Disclaimer: I am a Twitter/Facebook friend of Carol and she sent me a free copy of the book to read and review. I was already familiar with the background of several of the stories she recounts, particularly in Chapter 3 and the Conclusion. I found myself again dissolved in tears when reading about Gideon's suicide. That episode, more than anything else, convinced me - a 60-something old lady - that there is real power and depth in our on-line communities.
on February 29, 2012
Reframing Hope seeks to reframe the present situation in order to construct faithful and effective ministry today and the possibility for a brighter tomorrow. While many postmodern Gen-X pastors fluent in social media strive to move beyond their denominational heritage, Merritt writes as one who has chosen to stay and even refers to herself as a "loyal radical". She offers multiple comparisons of then (ministry at the peak of mainline membership and influence) and now to help readers of all generations grasp the significance of the shift. Rather than starting with deconstructing what was, she begins by constructing what is and should be with a pastoral blend of personal experiences viewed alongside those of the church throughout the ages and colored by hope. Sandwiched between her introduction, "What is the Substance of our Hope," and conclusion, "Hope in the Desert," she offers seven hope-filled creative chapters: redistributing authority, re-forming community, reexamining the medium, retelling the message, reinventing activism, renewing creation, and retraditioning spirituality.
on October 1, 2010
Carol Howard Merritt in her latest book "ReFraming Hope: Vital Ministry in a New Generation" doesn't take the fear and anxiety of mainline denominational decline and tie a pretty bow around it. With strength and courage she names the reality of the social, economic, cultural and religious landscape and intricately weaves that with God's hope proclaimed in the Biblical stories. She includes narratives from her own life, faith journey and theology that offer insight to the author's passion and commitment to the subject.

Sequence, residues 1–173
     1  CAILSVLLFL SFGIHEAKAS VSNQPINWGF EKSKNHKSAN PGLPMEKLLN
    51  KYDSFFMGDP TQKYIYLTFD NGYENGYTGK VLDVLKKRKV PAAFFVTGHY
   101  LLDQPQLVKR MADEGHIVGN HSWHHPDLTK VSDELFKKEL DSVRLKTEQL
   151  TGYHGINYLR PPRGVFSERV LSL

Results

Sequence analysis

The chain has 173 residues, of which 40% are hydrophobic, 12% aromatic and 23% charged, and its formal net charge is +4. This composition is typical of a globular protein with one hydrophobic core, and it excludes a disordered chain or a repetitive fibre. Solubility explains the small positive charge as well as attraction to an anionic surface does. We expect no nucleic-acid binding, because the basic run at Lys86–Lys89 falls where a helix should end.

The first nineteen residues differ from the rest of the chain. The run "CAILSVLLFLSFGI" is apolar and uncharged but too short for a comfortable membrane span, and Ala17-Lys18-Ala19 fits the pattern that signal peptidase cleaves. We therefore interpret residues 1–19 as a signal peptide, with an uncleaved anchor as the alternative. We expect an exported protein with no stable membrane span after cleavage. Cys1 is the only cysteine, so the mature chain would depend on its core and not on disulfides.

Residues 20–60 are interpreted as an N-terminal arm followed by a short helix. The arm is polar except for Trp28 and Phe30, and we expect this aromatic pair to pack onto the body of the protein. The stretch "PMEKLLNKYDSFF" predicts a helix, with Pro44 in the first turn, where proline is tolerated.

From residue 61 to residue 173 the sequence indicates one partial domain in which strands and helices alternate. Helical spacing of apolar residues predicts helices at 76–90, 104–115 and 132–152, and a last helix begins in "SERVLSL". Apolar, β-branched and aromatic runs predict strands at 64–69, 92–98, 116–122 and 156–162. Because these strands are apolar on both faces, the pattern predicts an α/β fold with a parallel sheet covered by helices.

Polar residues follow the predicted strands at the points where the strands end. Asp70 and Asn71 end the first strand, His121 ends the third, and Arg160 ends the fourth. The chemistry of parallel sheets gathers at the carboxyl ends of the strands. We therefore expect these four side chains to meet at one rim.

While there is no such thing as a "magic wand" that will fix the gap of younger generations missing from mainline denominations, I recommend this book to congregations and leaders who are seeking new ways to talk about and DO ministry in an intergenerational context.
on October 2, 2010
Merritt speaks with a pastor's heart and a researcher's mind. Her conversational writing is in a language that is native to progressive mainline congregations. While her first book, Tribal Church, addressed how to include a younger generation in churches, this second offering looks at how the mainline tradition can reimagine its structures in the contemporary world. She examines authority, community, communication, message, activism, creation care and spirituality-offering insightful perspective and a way forward on how the contemporary church can respond and find new life.
This book is an essential resource in many ways. Presbymergents and "loyal radicals" of other denominations will find a helpful discussion of what makes us distinct in the emergent movement. Merritt puts voice to why I, and many others, choose to be in a denomination and what our hopes are for the future. Generation X-ers will find resonance in Carol's experience of the world and view of faith and why something just doesn't quite feel right about many churches. And lastly, church leaders will find a multitude of ideas and directions for how to restructure all aspects of their church. Prayerfully reading this book and considering its ramifications will spur many congregations' vision and mission.
on October 4, 2010